Murder Trial for Accused Teen Set for 2014
No one saw a single smile from Shelia Eddy in court today. What we did see was a bespectacled teenager wearing an updo who looked much younger than when she last appeared in court.
My own guess is that Eddy, who turned 18 on Sept. 28, got a quick lesson in appropriate courtroom body language from her defense attorney when she pled not guilty on Sept. 17 to killing Skylar Neese in July 2012. Whether from nervousness or a simple lack of awareness of how she appeared to onlookers, in the first hearing Eddy didn’t appear to appreciate the gravity of the situation. Later, numerous photos of her smiling mug splashed the front pages of newspapers and online news media sites, and I imagine attorney Mike Benninger had a chat with his client about public perception. Today was different: one news photographer told me he didn’t see Eddy’s pearly whites even once.
Eddy, who told the judge she had given up her right to a speedy trial, was at the pretrial motions hearing this morning at 9:00 AM. As a result of today’s hearing, she will be back in court in early February 2014. Judge Russell Clawges set the date for the week of Feb. 11, but for that to happen, several other pre-trial motions filed by the defense must be heard first.
And Eddy must stay in jail as those motions play out, until she goes to trial. Benninger asked if, because of her age, Eddy might be shown some leniency and given home confinement instead. But the seriousness of the crime with which Eddy is charged trumps age and any other factor, according to Prosecutor Marcia Ashdown.
Clawges didn’t waste any time deciding whether to set bail, either: “No,” he ruled swiftly, before moving onto Benninger’s next motion. Among the numerous motions Benninger filed with the court on Oct. 1 was to have the trial moved to another county because of “substantial publicity and prejudice”; to bring in jurors from another area; to have Rachel Shoaf’s testimony suppressed, due to her supposed mental instability; and to have all the charges dropped due to prosecutorial misconduct.
Ashdown responded to the motions later that week, saying no misconduct occurred and disagreeing that Eddy’s chance at a fair trial has been hampered by excessive media reports. She said she didn’t object to the trial being delayed.
In support of those motions, Benninger told the court today that he’s just recently received the FBI’s report, which contains numerous “technical lab studies and photos.” In addition, he has “thousands of pages of documentation” that he says support his request to move the case out of Mon County.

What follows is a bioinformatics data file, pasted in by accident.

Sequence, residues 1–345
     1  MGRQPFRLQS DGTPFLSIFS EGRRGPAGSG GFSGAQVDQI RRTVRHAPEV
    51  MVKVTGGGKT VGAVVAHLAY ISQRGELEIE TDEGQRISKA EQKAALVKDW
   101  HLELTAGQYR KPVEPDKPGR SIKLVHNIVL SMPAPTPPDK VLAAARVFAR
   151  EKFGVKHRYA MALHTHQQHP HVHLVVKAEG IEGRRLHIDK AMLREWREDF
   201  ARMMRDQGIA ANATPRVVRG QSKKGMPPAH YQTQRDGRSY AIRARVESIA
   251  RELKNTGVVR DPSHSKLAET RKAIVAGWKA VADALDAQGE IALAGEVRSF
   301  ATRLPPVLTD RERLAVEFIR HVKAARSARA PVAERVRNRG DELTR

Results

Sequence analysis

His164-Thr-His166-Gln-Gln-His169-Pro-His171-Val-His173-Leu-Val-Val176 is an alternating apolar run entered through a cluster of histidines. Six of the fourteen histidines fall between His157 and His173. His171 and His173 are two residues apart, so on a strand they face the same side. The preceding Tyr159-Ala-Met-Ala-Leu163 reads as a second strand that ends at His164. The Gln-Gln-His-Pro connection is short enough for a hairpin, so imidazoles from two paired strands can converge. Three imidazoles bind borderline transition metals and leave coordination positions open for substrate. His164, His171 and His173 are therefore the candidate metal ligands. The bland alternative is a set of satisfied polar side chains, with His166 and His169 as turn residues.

Interestingly, Clawges also ruled against Benninger’s motion on behalf of his client to use jury questionnaires. Such questionnaires have become quite common in high-profile cases. (Think George Zimmerman or Casey Anthony.) They are also very time-consuming and seem, to me at least, to be a duplication of efforts. Any potential jurors are questioned to see if they might be prejudiced in some way—either for or against a defendant. Or if they can hear the case while knowing certain facts about it and still keep an open mind when ruling on a defendant’s innocence or guilt. This process is called voir dire, and it usually works very well.
Lawyers need to do their best to select jurors who can be impartial, and I believe twelve such jurors can be found right here in Mon County. Some days I meet people who know all about this case; other days the folks I run into haven’t even heard of it. (The other day I met someone who has followed it quite closely from the beginning; she said she would love to be a juror because it’s not clear to her who murdered Skylar.)
And the prosecution has gone to great lengths to prevent the media from revealing anything other than the absolute essential details that are only a matter of public record, anyway. Ashdown has held no press conferences, and there’s been no grandiose posturing about teen killers or the plight of today’s families. It’s all been very hush-hush and quiet, save for the online “gossip” sites some people seem to frequent these days. (Sites I wasn’t even aware existed until I started working on this story.) Oh, and mainstream social media have been a source of gossip, too, but as far as I can tell, that’s all rumor and speculation—nothing that reasonable people put much faith in.
With thorough voir dire, a jury can be impaneled that will ensure Eddy gets a fair trial—and this thing doesn’t drag on any longer than it must, adding to the pain so many people close to this case already feel.
Shoaf, who pled guilty to second-degree murder, is in a juvenile facility awaiting sentencing. Eddy is currently an inmate in a different juvenile facility.
UPDATE: Also of great interest today was Ashdown’s statement about Eddy facing additional charges in other jurisdictions. (The prosecutor looked directly at Eddy and her legal counsel when she said this, an action that was open to interpretation on many levels.)
Editor’s note: Berry and award-winning editor Geoff Fuller (author of Full Bone Moon), have recently teamed up to write the authorized version of the book about Skylar Neese’s murder, which won’t be published until after the trial ends. If you have information about the case, please contact them using the contact form below.